The Bank of Korea (BOK) presented the first results of its central bank digital currency pilot project, which tested some of the basic functions such as distribution and issuance.
The South Korean regulator said the first phase was successfully completed in December 2021, four months after launching a research process on the practicalities of launching its CBDC in a test environment. To this end, it has allocated 4.9 billion won ($4.4 million) and selected internet giant Kakao’s blockchain arm, Ground X, as the technology provider for its government-controlled cryptocurrency. .
Although the pilot was not a commitment to issue a central bank digital currency, the move to do so in August was the first exploratory step into Asia’s fourth-largest economy. At the time, the BOK cited a desire to bring the country closer to a cashless society with significant benefits for businesses and consumers.
The second phase is currently underway, YNA news reported. It aims to simulate key aspects of a potential commercial-scale CBDC system, including cross-border remittances, retail payments, and offline payments.
“We will confirm the ability to operate various functions, such as offline settlements, and the application of new technologies, such as the one to enhance privacy protection in the second phase of the test,” the BOK said. in a press release.
Central banks in China, the UK, Sweden, and almost all major economies are studying or developing a CBDC to modernize their financial systems. The Chinese e-CNY is closest to completion.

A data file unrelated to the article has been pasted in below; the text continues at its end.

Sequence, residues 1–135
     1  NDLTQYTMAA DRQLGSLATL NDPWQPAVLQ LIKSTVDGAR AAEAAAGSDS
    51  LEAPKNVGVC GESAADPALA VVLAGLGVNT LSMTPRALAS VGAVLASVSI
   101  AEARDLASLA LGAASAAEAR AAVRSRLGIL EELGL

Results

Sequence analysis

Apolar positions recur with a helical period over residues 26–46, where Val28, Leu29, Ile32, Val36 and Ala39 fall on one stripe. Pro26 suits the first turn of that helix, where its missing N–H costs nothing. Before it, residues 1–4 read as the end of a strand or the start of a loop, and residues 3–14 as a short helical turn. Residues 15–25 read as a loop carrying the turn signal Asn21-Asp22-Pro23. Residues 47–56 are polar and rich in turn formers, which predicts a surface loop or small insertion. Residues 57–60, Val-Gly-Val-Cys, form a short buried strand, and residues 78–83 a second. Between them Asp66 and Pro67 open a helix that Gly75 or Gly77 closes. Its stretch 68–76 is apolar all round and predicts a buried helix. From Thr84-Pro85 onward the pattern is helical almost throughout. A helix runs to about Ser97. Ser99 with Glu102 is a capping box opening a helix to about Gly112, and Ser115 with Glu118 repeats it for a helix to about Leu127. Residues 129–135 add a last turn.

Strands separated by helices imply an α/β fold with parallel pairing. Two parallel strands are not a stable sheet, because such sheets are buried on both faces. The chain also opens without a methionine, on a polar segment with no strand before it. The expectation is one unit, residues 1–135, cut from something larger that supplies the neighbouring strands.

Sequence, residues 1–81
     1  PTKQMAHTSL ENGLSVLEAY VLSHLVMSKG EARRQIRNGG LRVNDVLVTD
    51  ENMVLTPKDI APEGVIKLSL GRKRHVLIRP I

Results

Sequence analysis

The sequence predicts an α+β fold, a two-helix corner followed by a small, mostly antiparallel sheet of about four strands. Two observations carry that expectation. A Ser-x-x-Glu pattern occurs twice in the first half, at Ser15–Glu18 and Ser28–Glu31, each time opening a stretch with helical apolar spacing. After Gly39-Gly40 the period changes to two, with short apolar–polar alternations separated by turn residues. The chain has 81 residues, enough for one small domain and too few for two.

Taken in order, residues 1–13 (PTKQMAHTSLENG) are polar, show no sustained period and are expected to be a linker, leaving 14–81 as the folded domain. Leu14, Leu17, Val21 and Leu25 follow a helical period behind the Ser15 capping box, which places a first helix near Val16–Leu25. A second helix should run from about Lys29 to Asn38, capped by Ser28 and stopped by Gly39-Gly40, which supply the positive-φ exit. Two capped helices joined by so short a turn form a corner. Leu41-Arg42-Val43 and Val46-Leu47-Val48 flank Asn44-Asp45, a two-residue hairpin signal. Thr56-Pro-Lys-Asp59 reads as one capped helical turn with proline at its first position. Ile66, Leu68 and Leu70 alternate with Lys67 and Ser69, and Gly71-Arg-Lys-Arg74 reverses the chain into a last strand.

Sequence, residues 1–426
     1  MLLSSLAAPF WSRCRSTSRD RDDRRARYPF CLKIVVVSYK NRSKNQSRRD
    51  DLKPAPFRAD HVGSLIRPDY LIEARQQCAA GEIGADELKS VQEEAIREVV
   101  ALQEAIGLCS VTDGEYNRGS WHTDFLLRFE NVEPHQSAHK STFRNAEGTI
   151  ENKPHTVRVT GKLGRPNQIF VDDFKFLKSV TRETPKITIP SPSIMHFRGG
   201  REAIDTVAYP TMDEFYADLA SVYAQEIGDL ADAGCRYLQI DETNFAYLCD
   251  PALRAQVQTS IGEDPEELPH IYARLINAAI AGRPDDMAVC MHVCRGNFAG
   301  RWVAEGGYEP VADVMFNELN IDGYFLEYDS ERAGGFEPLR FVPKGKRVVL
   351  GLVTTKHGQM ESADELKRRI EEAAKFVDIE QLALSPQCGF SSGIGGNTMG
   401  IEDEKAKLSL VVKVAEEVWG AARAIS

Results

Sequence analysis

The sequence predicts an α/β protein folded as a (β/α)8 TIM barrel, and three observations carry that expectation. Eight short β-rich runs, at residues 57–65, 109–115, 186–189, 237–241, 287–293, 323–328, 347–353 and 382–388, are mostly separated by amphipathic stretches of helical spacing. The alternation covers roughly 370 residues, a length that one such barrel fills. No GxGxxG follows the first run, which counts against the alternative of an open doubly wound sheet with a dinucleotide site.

The news follows the postponement of planned taxation on digital asset gains by the South Korean legislature.
A 20% tax on gains made from cryptocurrency trading — if the total income is more than 2.5 million Korean won (about $2,000) — was originally scheduled to go into effect this month. If the amendment is passed by a parliamentary vote, the new tax rules will come into force on January 1, 2023.
Historically, South Korea is one of the hottest investing and trading markets for cryptocurrencies. However, authorities have been reluctant to regulate the virtual asset class, due to their belief that cryptocurrency regulation could lend legitimacy to the sector.
Separately, nearly 30 cryptocurrency exchanges in South Korea have filed with the country’s regulators to continue operating in the country. Out of this figure, local industry media identified the four largest crypto exchanges – UPbit, Bithumb, Coinone and Korbit.